Metabolic pathways are conserved between mammalian malaria parasites. To our knowledge no gross differences in metabolic pathways between mammalian malaria parasites have been reported (ref. #14). The similarity in sensitivity of mammalian malaria parasites to anti-malarial drugs and other specific inhibitors emphasises the similarities in their metabolic processes.
Despite the overall similarity between mammalian malaria parasites, many 'small' differences exist that are directly related to interaction of the parasites with their hosts. These small differences may have a significant impact on host-parasite interactions and may influence important features such as pathology, virulence and immune escape. Well-known examples which have been studied at the molecular level are: differences in variant proteins involved in recognition and attachment of erythrocytes, resulting in the invasion of different red cell populations (for example reticulocytes versus mature erythrocytes)(ref. #15-20); differences in variant proteins on the surface of infected erythrocytes leading to differences in sequestration, immunogenicity and virulence of blood stages (ref. #21-#25)
There is molecular data on the evolutionary relationship between the mammalian malaria parasites.
The evolutionary relationship between mammalian malaria parasites has been investigated by comparison of the DNA sequence of several genes such as the genes encoding ribosomalRNA, circumsporozoite protein and mitochondrial and adenylosuccinate lyase genes (ref. #26-31, #34-35).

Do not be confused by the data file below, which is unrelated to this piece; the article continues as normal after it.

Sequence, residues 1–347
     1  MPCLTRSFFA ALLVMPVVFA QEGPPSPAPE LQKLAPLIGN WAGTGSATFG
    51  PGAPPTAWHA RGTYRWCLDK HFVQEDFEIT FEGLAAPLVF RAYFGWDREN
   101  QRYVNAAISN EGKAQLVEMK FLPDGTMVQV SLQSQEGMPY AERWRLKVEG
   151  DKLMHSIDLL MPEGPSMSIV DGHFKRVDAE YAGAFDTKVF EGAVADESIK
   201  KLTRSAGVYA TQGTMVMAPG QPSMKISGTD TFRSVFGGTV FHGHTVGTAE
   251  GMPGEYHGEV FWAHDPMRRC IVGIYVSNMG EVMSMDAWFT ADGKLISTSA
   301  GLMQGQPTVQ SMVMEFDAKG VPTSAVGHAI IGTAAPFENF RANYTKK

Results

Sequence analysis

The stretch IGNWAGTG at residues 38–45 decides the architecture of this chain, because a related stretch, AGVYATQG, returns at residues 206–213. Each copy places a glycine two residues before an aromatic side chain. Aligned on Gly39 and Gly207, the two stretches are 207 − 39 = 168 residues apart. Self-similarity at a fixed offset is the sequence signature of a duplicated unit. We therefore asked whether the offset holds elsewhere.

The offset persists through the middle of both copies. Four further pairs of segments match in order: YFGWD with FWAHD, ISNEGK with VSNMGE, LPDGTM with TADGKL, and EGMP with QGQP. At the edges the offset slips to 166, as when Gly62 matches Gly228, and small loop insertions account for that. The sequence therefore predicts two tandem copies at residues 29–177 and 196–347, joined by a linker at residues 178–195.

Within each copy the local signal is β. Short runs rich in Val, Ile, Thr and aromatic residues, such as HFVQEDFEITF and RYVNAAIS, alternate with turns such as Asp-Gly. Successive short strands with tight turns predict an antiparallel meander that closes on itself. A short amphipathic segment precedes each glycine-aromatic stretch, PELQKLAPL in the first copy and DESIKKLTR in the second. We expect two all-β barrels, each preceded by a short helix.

There are many small differences between the four rodent malaria parasites, for example differences in morphology, developmental time and size of different stages (table 2) and iso-enzymes. These variable characteristics influence host-parasite interactions and are responsible for differences in the course of infection, virulence and pathology. A well known example is the difference in the preference for invading different red blood cell populations: whereas P. chabaudi and P. vinckei invade both immature and mature red blood cells, P. berghei and P. yoelli has a marked predeliction for reticulocytes. Another example is the level of synchronicity of blood stage infection. P. chabaudi and P. vinckei show synchronous development of their blood stages, while the other two species have relatively asynchronous infections in laboratory rodents. The optimum temperature for development (sporogony) in the mosquito host also differs between the four species. Moreover, variation between the different isolates or lines of one species exist that can result in different parasite-host interactions. Well-known examples are the differences in reticulocyte preference and virulence of isolates/lines of P. yoelii. In references #1 and #32 a number of differences between isolates and species of rodent parasites are described that are related to the course of liver and blood stage infections in laboratory rodents.